The 68-year-old former European Union competition commissioner told reporters he will serve as Italy's economy minister as well as its premier as he seeks "sacrifices" from across the political spectrum to solve the economy's woes and get it growing again.
Monti and his new Cabinet ministers were sworn in at a solemn ceremony at the presidential palace, formally ending Silvio Berlusconi's 3 1/2-year-old government and the media mogul's 17-year-long political dominance. Monti said he will lay out his emergency plan tomorrow in the Senate before a confidence vote.
A second vote, in the lower Chamber of Deputies, will follow, likely on Friday. He stressed that economic growth is a top priority. Hopes for his new administration won Italy some respite in financial markets today.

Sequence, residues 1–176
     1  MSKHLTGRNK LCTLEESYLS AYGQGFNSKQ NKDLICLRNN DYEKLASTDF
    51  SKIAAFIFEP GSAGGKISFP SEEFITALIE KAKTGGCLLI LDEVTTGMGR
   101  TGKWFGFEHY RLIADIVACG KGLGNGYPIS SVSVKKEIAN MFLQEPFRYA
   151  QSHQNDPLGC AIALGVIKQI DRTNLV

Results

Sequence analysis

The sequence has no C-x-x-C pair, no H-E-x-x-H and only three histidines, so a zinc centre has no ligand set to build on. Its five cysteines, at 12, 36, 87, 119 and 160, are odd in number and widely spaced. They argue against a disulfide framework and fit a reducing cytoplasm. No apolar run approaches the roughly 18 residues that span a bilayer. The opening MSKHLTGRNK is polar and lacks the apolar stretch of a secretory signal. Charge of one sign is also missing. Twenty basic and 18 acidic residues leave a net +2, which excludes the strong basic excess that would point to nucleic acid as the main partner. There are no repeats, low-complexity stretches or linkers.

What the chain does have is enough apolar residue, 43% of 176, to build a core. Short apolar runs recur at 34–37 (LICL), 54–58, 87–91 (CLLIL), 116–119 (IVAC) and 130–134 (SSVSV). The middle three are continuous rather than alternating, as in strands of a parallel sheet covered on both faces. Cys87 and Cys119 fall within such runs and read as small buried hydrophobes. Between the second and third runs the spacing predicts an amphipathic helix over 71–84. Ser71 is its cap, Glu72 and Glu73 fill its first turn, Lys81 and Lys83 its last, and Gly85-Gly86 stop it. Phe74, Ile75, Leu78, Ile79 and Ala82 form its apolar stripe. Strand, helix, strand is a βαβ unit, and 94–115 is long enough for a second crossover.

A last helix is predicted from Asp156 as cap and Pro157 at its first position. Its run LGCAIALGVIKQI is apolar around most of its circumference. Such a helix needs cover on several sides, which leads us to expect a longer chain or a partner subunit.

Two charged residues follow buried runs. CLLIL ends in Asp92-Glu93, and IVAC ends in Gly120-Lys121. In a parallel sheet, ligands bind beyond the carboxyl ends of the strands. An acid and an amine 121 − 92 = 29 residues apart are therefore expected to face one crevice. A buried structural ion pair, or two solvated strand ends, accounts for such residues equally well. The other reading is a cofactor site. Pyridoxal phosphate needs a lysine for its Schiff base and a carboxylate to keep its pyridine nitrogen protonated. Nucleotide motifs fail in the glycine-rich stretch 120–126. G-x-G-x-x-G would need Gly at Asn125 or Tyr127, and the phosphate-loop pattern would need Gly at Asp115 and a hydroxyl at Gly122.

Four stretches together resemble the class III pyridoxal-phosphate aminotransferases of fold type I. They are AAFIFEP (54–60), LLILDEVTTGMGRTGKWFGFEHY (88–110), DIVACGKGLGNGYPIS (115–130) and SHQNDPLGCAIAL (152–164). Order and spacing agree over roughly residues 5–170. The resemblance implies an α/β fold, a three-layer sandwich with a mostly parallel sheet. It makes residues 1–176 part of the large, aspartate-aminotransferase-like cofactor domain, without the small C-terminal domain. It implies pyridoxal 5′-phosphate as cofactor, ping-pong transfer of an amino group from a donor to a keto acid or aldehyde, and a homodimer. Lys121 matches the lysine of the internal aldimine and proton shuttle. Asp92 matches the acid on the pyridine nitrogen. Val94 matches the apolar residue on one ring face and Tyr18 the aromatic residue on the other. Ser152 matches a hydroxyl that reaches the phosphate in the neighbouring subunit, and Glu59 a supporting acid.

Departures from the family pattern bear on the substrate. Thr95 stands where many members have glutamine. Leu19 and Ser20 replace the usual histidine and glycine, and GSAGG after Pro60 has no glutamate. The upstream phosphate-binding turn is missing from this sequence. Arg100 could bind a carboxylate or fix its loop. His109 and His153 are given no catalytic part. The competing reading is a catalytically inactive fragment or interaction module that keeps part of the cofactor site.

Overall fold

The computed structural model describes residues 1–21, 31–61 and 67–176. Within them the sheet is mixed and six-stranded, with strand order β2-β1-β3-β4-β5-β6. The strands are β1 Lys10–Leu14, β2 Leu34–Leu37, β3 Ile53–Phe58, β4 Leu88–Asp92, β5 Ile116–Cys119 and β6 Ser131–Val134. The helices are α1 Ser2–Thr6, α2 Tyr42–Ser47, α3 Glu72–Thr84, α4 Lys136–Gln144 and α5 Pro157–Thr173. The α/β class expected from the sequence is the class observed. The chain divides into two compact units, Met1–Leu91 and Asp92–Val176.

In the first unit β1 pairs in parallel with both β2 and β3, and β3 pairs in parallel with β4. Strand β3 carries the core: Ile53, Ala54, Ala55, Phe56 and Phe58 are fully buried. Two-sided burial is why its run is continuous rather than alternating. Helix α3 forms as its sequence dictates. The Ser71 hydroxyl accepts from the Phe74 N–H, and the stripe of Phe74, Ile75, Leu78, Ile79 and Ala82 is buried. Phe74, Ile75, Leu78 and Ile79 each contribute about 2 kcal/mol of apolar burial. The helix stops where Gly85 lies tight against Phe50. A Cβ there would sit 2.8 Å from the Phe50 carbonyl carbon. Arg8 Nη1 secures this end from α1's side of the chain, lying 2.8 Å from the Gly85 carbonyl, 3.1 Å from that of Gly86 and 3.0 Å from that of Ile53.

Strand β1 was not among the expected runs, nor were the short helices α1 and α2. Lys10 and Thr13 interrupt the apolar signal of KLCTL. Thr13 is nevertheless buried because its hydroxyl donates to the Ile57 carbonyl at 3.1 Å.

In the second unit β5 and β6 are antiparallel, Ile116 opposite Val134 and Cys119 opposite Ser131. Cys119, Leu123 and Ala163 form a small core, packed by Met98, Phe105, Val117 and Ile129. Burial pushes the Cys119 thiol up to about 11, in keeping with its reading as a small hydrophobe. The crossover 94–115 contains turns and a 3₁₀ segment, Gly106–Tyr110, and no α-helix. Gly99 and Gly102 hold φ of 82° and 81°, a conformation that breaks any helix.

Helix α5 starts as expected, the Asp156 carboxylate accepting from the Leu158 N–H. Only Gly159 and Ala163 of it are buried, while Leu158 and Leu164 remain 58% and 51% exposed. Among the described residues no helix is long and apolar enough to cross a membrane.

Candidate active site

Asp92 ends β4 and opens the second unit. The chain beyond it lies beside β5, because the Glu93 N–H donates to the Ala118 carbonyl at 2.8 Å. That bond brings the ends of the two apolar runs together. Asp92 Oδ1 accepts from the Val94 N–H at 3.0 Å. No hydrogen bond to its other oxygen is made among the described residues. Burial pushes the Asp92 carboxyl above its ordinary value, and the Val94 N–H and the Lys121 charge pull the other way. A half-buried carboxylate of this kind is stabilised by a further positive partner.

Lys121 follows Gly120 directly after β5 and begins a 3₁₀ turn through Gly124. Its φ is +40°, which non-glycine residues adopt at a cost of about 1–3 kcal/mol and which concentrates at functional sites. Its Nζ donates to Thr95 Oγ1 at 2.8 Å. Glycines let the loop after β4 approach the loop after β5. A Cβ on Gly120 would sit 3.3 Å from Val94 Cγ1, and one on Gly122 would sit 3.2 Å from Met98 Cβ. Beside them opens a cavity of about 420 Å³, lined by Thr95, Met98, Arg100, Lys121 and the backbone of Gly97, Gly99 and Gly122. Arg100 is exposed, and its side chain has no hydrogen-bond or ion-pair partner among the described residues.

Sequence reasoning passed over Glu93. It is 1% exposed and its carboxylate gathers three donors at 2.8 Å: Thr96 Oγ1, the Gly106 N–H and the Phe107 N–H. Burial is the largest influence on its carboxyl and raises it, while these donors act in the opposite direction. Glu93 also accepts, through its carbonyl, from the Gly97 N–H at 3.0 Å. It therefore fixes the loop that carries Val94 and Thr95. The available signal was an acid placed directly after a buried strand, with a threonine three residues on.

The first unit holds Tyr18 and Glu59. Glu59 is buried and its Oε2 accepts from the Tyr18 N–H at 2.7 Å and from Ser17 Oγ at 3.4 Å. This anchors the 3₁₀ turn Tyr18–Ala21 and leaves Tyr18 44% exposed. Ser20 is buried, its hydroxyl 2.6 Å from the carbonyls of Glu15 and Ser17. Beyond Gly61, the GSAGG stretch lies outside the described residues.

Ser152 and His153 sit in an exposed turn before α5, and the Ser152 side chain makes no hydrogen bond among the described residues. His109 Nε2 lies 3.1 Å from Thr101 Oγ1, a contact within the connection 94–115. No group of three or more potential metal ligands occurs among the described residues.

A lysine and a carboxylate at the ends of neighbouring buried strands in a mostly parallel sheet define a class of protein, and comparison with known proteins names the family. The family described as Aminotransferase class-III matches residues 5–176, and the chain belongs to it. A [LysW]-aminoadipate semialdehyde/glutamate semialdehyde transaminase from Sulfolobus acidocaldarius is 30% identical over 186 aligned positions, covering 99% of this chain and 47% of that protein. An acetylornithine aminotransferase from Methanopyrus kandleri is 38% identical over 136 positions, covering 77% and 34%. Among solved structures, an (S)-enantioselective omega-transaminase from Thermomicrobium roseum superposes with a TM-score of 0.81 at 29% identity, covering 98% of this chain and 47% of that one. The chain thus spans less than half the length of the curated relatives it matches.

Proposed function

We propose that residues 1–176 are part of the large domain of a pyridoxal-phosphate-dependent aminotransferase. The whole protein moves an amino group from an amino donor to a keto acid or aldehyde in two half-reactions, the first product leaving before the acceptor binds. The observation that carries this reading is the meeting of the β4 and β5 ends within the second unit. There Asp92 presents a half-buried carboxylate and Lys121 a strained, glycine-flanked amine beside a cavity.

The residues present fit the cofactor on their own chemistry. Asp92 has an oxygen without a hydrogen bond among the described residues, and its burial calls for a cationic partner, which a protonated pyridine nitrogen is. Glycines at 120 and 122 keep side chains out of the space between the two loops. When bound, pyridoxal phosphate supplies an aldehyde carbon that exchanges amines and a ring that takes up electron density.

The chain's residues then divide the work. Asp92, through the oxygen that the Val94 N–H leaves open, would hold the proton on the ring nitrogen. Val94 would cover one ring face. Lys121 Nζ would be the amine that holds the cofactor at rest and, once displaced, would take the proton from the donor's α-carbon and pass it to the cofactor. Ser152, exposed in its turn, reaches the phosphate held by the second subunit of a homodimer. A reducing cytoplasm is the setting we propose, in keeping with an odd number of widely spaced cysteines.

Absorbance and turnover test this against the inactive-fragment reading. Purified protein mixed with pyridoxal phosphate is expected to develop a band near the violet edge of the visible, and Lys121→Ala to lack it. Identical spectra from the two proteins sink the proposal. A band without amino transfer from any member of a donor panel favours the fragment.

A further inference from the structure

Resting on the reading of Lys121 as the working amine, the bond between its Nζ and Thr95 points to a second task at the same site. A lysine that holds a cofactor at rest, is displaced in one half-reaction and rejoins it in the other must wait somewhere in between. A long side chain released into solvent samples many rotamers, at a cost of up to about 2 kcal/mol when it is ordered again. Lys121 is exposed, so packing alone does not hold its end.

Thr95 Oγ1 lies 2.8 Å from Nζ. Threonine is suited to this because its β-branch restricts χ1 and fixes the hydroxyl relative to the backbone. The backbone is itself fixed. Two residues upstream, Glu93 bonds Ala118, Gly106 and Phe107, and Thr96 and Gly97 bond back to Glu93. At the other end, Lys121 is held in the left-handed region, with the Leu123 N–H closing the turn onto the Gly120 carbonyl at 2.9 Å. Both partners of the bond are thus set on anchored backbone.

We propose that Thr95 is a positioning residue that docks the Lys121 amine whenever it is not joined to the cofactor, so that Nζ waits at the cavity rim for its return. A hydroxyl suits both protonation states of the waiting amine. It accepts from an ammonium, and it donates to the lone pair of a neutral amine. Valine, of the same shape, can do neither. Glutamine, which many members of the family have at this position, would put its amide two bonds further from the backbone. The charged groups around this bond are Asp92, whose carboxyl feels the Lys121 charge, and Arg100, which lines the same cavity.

The yield on its 10-year bonds dropped 0.16 percentage point to 6.77 per cent. In the last week, that borrowing rate had flirted over 7 per cent -- the level that forced fellow eurozone members Greece, Ireland and Portugal to seek international bailouts. Up until summer, Italy had mostly avoided the European debt turmoil despite having a jaw-dropping debt of USD 2.6 trillion, nearly 120 per cent of its GDP.
But after Berlusconi's frequent delays and backtracking on austerity and reform measures, markets lost faith that his government could fix Italy's economic issues.